Hopefully by removing the rear seats and the inside trim under the passenger side window I will be able to find some way to the back of the panel. The next thing to do is find out why it rusted there and I suspect the rubber seals on the rear side windows that hide under all the glam stainless steel flashy trim have perished.
This is where things may get ugly because I doubt anybody on the planet has some new rubber seals for a 1977 Camargue rear side windows sitting preserved on the shelf ready for sale and if they do they probably want a fortune and a pair of kidneys in good condition to part with them.
I did see a publication somewhere on making your own rubber seals so I may chase that up, if not it will be a sicaflex situation.
Now I feel good that the Camargue's rust molecules are not going to multiply like the local kangaroos and wallabies and my investment and love of my life is safe.
And now a horrid tale of woe which causes me to do all my own paint and panel work. During the first year of my legal career, I was given a job by the senior partner of a very swanky high billing law firm to gather evidence from a technical college lecturer with a view to litigation in the area of negligence, a form of tort law.
What had happened is some poor chap had put his Ferrari into a panel shop for repainting. This was to be a bare metal respray, the holy grail of all paint jobs. The apprentice had been given the job of applying paint stripper to the roof of the car and had done the right thing and masked up all the windows and indeed the rest of the car was covered with masking tape and spray painter brown paper straight of the professional role.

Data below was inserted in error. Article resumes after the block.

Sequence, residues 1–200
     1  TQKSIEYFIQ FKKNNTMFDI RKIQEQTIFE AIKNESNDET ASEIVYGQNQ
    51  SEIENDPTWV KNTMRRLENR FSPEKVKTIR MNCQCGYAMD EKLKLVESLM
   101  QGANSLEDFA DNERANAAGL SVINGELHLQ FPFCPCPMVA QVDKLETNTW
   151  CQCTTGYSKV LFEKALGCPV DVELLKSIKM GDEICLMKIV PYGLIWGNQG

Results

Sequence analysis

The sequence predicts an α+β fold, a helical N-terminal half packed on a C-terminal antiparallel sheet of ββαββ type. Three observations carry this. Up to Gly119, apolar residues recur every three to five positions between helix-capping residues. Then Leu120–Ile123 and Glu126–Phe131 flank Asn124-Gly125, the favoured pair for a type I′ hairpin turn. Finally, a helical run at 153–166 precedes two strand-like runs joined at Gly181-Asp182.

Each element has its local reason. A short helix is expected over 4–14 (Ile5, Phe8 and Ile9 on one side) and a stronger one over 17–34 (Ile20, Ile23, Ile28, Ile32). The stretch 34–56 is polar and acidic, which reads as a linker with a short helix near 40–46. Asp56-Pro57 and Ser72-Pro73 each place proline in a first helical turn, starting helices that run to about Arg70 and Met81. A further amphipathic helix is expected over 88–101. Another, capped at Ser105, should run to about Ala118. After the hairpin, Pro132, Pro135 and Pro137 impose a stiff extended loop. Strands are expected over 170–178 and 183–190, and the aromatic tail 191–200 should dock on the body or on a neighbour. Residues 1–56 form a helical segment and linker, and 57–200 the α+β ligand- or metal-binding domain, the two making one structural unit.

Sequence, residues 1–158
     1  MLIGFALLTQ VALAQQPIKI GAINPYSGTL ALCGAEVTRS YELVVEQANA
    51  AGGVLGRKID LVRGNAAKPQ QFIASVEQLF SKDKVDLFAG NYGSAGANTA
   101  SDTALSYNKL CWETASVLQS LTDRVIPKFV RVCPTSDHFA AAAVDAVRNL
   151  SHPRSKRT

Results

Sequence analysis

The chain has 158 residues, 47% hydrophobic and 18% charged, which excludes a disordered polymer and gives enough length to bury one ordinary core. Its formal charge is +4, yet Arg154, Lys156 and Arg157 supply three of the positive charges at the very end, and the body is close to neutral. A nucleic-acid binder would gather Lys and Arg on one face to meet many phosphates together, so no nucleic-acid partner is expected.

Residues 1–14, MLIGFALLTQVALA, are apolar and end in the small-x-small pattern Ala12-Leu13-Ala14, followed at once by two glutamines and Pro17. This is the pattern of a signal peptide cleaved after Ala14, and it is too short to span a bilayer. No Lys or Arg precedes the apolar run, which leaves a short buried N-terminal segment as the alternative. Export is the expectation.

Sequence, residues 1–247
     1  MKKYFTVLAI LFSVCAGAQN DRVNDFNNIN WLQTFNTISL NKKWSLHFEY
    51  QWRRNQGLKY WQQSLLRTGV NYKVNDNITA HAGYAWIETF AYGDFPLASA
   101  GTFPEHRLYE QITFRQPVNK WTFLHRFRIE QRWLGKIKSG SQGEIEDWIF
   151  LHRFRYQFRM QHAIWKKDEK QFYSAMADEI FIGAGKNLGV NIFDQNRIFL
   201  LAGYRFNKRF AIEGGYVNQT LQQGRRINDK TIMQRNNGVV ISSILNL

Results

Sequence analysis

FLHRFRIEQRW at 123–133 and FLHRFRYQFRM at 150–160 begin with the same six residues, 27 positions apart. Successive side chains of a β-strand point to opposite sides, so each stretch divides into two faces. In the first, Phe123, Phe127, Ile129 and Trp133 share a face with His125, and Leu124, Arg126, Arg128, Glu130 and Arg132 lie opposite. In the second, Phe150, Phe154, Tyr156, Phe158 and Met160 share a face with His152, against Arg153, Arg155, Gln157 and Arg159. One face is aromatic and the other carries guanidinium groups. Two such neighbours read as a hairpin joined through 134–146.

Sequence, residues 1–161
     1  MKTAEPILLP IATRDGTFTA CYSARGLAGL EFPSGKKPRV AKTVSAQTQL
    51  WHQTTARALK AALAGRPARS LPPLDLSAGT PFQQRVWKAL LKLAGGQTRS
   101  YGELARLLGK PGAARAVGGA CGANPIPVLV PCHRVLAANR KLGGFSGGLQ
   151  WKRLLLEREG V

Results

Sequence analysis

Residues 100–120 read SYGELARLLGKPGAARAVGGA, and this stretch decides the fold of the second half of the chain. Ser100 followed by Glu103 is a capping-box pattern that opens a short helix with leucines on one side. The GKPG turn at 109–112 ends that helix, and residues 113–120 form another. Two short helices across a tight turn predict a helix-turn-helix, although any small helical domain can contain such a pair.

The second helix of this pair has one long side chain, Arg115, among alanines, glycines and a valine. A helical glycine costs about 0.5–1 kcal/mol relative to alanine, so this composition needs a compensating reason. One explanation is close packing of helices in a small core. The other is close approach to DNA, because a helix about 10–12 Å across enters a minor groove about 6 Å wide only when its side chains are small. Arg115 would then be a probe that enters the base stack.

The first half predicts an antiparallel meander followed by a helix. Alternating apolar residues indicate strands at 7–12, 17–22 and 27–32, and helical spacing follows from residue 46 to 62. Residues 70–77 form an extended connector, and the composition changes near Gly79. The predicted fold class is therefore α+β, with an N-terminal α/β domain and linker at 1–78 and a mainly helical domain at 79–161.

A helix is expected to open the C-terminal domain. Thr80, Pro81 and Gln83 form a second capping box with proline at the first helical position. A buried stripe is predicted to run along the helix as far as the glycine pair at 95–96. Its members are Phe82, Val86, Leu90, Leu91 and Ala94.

Paint stripper is nasty stuff and finds its own way in the world. Indeed, having left the roof of the car covered with a thick film of paint stripper, gravity did the work overnight and the paint stripper lifted up masking tape up and then ran all over each and ever piece of glass on the car bar the head lights etching deeply into the glass to a tune at todays value of $50,000 just to buy the replacement glass but not the labour to fit it.
Imagine being that apprentice when he came bouncing in the workshop all beady eyed and bushy tailed the next morning. No doubt he got the read the riot act followed by the full metal jacket!
So if you want to play the paint stripper game, just remember the stuff can't be trusted not to do serious damage while you sleep !
Posted From: 184.108.40.206
|Posted on Sunday, 22 March, 2015 - 04:25 am: |
I only use paint stripper on bits that are removed from the car.
Use argon co2 mix for softer welds.
Gaffer tape is good for protecting against splatter.
After welding filling and painting. Spray lots of cavatity wax behind the repair.
Many years ago when E types were cheaper I helped strip the paint with nitromoors to find that the car had a thin coat of filler over the whole car. And the stripper had damaged the filler. So we took the filler off to find lots of ripples and small shallow dents. If we had mechanical sanded the car then we could stop when the filler was found. The cost doubled. At first sight the car was dead straight with micro blistering. We suggested a simple rub down to remove the top layer of paint then repaint. The owner insisted on a bare metal respray which costs more money plus even more for the dents. When the owner came to pick the car up, he was gobsmacked at how well the job had come out. Rosso Red.
Tip. Fluorescent light tubes are straight so the reflection of the tube on a wet panel shows up ripples and dents.
(Message approved by david_gore)